In contrast, consider the Ontario Superior Court’s 2011 decision in Plester v. Polyone Canada Inc. In this case, the company summarily dismissed a supervisor with 17 years of employment for a serious mistake at work. Having found that just cause didn’t exist, Justice Bonnie Wein awarded the dismissed employee 14 months’ salary in lieu of notice but refused to factor in compensation for lost vacation pay. In coming to her conclusion, Wein followed Lim v. Delrina (Canada) Corp., in which Justice Harry LaForme, in turn, referenced a theory advanced in an unreported case that “the employer could require the employee to take her vacation during the period of notice and therefore there should be no vacation pay entitlement added to the pay for the notice period.”
The foregoing cases illustrate that compensation for lost vacation pay during the reasonable notice period is recoverable in Ontario. The modern jurisprudence has overshadowed Cronk and rendered it a remnant of an abandoned principle. This proposition finds support in a very recent case, Plester, in which Wein made no reference to Cronk in support of her decision to deny damages for vacation pay during the reasonable notice period.
Given that the entitlement to vacation pay arises in the context of a termination without cause and in breach of an implied term of an employment contract to give reasonable notice, it doesn’t seem logical to penalize the dismissed employee by withholding vacation pay but paying salary in lieu of it. Nevertheless, employers often argue that to provide additional compensation with respect to vacation pay to an employee who hasn’t in fact had to provide services would amount to double recovery.
In my view, this argument is flawed because it involves an opportunistic segregation of the dismissed employee’s entitlement to salary and vacation pay in lieu of notice. It’s helpful to keep in mind that reasonable notice is nothing more than a legal fiction used to measure damages. It doesn’t purport to replicate actual employment. Therefore, during the reasonable notice estimated by the court in fixing damages, there’s no ongoing relationship with mutual contractual obligations of providing services in exchange for pay. It’s thus artificial to speak in terms of not having to provide services in order to disentitle employees of their vacation pay during the reasonable notice period.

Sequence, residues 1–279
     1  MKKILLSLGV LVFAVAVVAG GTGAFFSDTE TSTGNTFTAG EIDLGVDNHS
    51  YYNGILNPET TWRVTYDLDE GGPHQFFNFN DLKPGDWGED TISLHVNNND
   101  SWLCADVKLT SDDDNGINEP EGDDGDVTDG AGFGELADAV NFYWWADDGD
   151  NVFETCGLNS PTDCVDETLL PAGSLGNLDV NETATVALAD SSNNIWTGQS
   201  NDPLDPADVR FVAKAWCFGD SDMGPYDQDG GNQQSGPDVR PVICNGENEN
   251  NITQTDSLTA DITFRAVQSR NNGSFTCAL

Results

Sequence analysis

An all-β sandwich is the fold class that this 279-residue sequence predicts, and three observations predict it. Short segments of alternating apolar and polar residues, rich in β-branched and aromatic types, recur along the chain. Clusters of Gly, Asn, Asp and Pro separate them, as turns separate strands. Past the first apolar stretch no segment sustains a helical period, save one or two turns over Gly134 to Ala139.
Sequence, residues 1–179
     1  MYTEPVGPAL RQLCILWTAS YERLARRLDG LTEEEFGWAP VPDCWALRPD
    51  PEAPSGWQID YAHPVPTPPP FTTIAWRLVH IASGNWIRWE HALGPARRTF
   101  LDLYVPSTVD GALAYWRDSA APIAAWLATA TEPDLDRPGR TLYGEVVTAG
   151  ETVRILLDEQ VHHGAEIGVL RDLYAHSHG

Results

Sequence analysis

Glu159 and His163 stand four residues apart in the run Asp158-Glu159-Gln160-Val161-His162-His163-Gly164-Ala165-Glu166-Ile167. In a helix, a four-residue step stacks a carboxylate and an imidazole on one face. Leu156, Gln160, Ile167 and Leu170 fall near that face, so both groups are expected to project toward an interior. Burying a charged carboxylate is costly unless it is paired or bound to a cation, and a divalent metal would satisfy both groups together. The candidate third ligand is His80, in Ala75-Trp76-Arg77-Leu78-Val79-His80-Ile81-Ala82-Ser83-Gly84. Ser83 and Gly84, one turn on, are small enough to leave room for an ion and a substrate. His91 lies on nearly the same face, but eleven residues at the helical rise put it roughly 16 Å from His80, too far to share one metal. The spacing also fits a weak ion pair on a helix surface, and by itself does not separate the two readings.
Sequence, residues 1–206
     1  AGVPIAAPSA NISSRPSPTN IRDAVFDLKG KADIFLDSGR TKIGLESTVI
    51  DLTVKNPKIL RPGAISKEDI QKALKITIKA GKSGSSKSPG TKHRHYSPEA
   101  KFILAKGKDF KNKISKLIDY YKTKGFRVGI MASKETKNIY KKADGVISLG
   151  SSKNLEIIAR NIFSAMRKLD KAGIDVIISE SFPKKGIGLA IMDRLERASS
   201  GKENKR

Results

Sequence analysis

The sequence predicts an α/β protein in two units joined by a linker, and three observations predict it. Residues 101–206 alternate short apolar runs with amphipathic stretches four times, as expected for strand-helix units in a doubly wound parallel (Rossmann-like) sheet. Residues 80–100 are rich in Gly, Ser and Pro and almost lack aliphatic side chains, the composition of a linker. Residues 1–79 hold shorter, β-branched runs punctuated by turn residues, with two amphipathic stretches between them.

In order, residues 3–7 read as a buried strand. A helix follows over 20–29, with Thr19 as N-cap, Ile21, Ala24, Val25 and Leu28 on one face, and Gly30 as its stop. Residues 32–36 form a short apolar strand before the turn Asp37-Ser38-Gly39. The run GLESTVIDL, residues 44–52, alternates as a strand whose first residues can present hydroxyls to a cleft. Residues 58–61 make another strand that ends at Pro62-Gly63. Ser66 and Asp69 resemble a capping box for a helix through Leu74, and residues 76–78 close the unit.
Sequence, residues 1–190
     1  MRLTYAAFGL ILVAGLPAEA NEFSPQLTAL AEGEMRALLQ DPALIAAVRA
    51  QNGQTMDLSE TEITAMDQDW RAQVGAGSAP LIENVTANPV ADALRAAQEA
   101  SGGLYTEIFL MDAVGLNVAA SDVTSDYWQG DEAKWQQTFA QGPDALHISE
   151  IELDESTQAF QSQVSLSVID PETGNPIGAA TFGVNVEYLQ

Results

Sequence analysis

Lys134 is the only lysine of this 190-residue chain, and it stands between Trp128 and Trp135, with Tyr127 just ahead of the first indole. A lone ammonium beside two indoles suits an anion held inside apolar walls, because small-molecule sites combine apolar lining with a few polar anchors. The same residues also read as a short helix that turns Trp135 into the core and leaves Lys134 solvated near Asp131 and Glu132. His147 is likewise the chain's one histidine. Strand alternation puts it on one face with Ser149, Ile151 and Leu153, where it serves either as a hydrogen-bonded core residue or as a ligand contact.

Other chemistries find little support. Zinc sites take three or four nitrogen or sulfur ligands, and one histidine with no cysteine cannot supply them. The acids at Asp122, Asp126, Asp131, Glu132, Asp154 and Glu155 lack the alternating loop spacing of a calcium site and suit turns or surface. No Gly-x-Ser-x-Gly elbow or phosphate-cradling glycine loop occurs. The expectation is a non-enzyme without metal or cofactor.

This proposition arose in the British Columbia Court of Appeal’s decision in Bavaro v. North American Tea, Coffee & Herbs Trading Co. Inc., in which the court had no problem with the notion that vacation pay within the notice period would amount to double recovery. “With deference, I do not think that in the great majority of cases a discharged employee sees the notice period as anything like a vacation,” wrote Justice Ian Donald. “Either the employee is looking for a new job or has found one and must report to work. The prospect of taking a vacation is likely not even a consideration.”
In light of British Columbia Court of Appeal’s thoughtful rationale, perhaps the future courts should factor the effect of a spoiled vacation that the dismissed employee took during the notice period — but without gratification due to the emotional distress caused by the dismissal — when assessing an award of vacation pay in lieu of reasonable notice.